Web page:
Category : Lessons

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Club Chant

This chant is a disco beat in which every note is opposite each other when looking at it from the snare, kick and hi hat accent perspective. In this case I wrote two charts so you can see these two perspectives. The only time where the snare and kick land together are on beat 3 of measure 2. I developed this chant as a warm up to build clean synchronization.

Doubles 4

This chant was originally performed by drummer Gene Lake on alto saxophonist Henry Threadgill’s album Spirit Of Nuff…Nuff [released 1990 Black Saint]. The composition is titled “Hope A Hope A”. This chant was mostly inspired by Gene Lake’s style and approach. I always found his style to sound loose. The cymbal part alone gives this Hip Hop chant a loose overlay. The doubles on the bell are key to that looseness.

Drum Kit Triplets 1

Triplets are a large part of my rhythm vocabulary. There are many ways to perform triplets around the drum kit. 8th and 16th note triplets are first demonstrated on the kick drum. I prefer to begin on my left foot although my drum kit is set up right handed. For me, this feels more even than beginning with my right foot. This may or may not work for you. It does not matter which foot you start on as long as you are doing opposite footing per note. I suggest practicing the single footing method because in the future this will make complex chants easier to perform. The second example is a triplet phrase played on the toms emphasized by the kick and pedaled hi hat. Although the figure itself is simple in theory, the second beat of the kit triplet can be either the rack or floor tom. Both kit triplets are demonstrated along with accents used to create multiple dynamic effects out of the same figure. This kit triplet can also move to the crash cymbals and snare drum.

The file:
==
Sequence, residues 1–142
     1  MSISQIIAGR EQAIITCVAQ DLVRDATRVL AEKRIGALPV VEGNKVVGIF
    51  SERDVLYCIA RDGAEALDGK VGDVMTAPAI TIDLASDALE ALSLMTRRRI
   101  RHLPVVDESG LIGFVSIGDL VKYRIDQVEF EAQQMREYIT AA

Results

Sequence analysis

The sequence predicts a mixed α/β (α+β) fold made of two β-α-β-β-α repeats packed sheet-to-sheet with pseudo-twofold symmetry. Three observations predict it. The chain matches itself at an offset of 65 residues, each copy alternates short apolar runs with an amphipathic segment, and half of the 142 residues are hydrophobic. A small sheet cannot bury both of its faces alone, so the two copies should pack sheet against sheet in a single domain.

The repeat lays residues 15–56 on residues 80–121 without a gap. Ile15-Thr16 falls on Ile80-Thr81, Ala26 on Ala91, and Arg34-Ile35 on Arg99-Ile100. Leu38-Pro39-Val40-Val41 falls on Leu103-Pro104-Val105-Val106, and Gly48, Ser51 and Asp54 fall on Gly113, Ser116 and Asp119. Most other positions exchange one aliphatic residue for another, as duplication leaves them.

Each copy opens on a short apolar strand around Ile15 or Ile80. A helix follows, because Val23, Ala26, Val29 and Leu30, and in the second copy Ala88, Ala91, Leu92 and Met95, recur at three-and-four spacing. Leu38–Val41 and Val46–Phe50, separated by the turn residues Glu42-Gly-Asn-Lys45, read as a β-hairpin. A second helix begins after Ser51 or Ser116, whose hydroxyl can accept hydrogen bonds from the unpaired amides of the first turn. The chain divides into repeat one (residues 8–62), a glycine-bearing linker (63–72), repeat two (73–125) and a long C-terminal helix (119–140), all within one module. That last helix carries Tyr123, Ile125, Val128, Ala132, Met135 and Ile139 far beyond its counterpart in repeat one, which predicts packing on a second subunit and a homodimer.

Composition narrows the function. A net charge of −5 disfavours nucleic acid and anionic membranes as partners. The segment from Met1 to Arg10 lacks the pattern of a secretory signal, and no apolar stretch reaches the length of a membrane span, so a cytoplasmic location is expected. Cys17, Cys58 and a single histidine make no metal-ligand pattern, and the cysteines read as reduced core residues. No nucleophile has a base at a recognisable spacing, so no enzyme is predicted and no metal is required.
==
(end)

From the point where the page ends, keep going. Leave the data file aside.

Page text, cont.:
Tony Williams Lick

Drummer Tony Williams is probably my biggest influence. He played differently than most drummers of his time and his signature sound and style are unparalleled to this day. This particular lick is something I’ve seen and heard him do during his long career and I always wanted to learn this. So one day, I actually sat down at the drums and figured it out. You can first mentally hear this phrase as a system of triplets spread over the rack, floor and kick supported by hi hats on the “ands”. Written out, you can see the relationships as you can any chart.